areas, yes it would be worth more money," said Galindo. "I don't think
that it was asking too much for the responsibility, we have got to find
teamwork," he said.
Galindo said that the Road and Bridges Department has been doing an
excellent job. "I think both you and I know that Russ Salcido has been
doing a great job and he gets paid in the $30's," said Galindo. "He has
a lot of responsibility, but he doesn't get paid more than that," he said.
"I think if you do it that way you'll have a hard time replacing him,
(Cassell)," said Winkles. "You're not going to get someone at $25,000."
Winkles said surrounding cities pay their greenskeepers much more. "They
pay anywhere from $45,000 to $50,000," he said.
"My office called Fort Stockton and their greenskeeper gets paid, $38,000,"
Commissioners did agree to fund the Reeves County Juvenile Detention
Center at $410,000, following a lengthy discussion with Juvenile Probation
Director Alberto Alvarez.
Communication problems found during drill
By PEGGY McCRACKEN
PECOS, Sept. 21, 1999 -- Communications, or the lack thereof, is the
biggest problem identified Monday by Reeves County Emergency Management
department heads, in a critique of Saturday's simulated disaster.
"We don't have enough frequencies," said emergency management coordinator
Armando Gil. "Everyone was trying to communicate on the police department
frequency, and we were stepping all over each other, so that's going to
have to be addressed."
Hand-held radios can communicate over distances of only three to five
miles with the present antennas, Gil said.
"We need repeaters to be able to communicate from a distance," he said.
Another problem was a shortage of dispatchers at the police department,
said Chief Clay McKinney. The three dispatchers who were on duty couldn't
handle all the traffic, he said.
Ambulance chief Bill Cole said they were also short of ambulances, but
in an actual disaster, they would use school buses to transport injured,
as outlined in the disaster plan.
The "disaster" Saturday was a traffic accident involving a truck loaded
with acid and two vans that left 16 "injured" victims and two "dead."
Other reported incidents, such as a bombing at Pecos High School, several
fires and accidents, a cat in a tree and the theft of a fire truck, were
written into the script to put pressure on the department heads gathered
in City Hall, Gil said.
"It was to give them experience in making decisions how to handle other
matters during a real disaster," he said. "They decided whether to ignore
the call, dispatch units or call for outside assistance. It was just play
Everyone was real cooperative, Gil said.
"Everything in general went real well. There was a lot of teamwork involved
Some confusion occurred in the operations center because the department
heads did not recognize this reporter as the emergency management public
information officer and dealt directly with a reporter who barged in demanding
to talk to the person in charge. Then barred their public information officer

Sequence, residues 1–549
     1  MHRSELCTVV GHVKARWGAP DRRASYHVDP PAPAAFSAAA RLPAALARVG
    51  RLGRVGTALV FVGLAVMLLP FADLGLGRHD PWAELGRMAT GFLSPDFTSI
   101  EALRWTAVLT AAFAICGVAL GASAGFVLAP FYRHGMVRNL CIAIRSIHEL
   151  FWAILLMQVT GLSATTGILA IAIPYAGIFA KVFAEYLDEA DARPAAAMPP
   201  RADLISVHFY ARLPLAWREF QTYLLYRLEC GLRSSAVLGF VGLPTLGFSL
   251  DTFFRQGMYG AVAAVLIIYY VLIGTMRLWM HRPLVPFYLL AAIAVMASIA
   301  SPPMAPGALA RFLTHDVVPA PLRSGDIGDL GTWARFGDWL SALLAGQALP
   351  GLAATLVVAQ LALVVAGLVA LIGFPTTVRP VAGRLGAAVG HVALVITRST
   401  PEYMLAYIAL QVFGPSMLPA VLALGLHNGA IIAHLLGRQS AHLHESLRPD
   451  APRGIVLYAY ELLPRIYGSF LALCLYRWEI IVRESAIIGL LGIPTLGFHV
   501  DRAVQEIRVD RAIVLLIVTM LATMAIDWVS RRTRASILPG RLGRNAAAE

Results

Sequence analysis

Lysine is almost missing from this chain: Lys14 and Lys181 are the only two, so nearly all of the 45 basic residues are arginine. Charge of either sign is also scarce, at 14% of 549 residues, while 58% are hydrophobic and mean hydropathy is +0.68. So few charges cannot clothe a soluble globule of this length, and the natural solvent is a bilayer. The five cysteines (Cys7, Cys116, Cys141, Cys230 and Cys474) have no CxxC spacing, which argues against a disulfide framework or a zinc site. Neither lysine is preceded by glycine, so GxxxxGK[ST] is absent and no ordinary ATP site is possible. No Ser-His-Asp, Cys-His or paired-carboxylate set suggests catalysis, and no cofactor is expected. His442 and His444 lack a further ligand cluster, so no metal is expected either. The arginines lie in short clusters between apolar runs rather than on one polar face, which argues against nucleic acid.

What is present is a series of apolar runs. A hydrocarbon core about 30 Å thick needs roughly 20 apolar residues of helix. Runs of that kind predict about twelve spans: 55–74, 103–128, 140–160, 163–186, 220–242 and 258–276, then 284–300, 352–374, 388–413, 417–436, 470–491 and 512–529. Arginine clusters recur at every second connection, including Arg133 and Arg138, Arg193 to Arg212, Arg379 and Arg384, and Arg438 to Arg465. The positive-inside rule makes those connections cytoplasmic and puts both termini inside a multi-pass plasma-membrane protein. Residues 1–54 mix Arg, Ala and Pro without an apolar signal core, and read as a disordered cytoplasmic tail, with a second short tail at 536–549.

from the room.
At the disaster site, a city employee dressed in an orange vest and
with a helmet marked "Red Cross" went through the victims' pockets, taking
money and other valuables, then rifled an ambulance, Gil said.
"One of the ambulance personnel asked who he was, then noticed the Red
Cross hat and said, `Oh, I thought you were a looter,'" Gil said. "That's
what he was."
To avoid such incidents in the future, Gil said he will issue photo
identification cards to each person involved in the response. Anyone seeking
admission to the operation center or disaster site must display the ID
Gil said he was pleased with the response by fire and ambulance personnel,
who stopped some distance from the wrecked truck and used binoculars to
identify the cargo.
Ambulance personnel noted the code number of the chemicals in the tanker
truck and relayed the information to Cole, who looked it up in his handbook
to determine the danger and how the chemical should be handled to avoid
"The ambulance staff did an excellent job," he said.
Gil said the "acid spill" looked realistic, with colored water in a
hole and dry ice to make it fizzle and smoke.
Emergency exercises are required each year unless a real emergency occurs,
Gil said. It has been three years since Reeves County held its last simulated
disaster, because a tornado northwest of Pecos, a chemical spill just across
the Pecos River in Ward County, a tanker truck accident with drilling fluids
and a train derailment have qualified as real disasters.
Hot weather blown away by cool front
From staff and wire reports
PECOS, Sept. 21, 1999 -- Fall was in the air this morning as a cold
front broke the heat wave that kept temperatures above 100 for weeks. Texas
A&M Research Station reported a high of 87 degrees on Monday, with
an overnight low of 61.
No moisture has accompanied the cool weather, and only scattered rainfall
has been recorded across Texas.
Isolated showers and thunderstorms developed today along the frontal
boundary in South Texas. The front stretched from south of Lufkin through
the San Antonio area to Del Rio. But elsewhere, the state was rain-free.
Accompanying the front, a surface high-pressure system centered over
East Central Colorado helped bring gusty north winds to Texas.
Partly cloudy to cloudy skies
Pair sought in Tercero slaying case
By ROSIE FLORES
PECOS, Sept. 21, 1999 -- Crimestoppers is offering a reward for information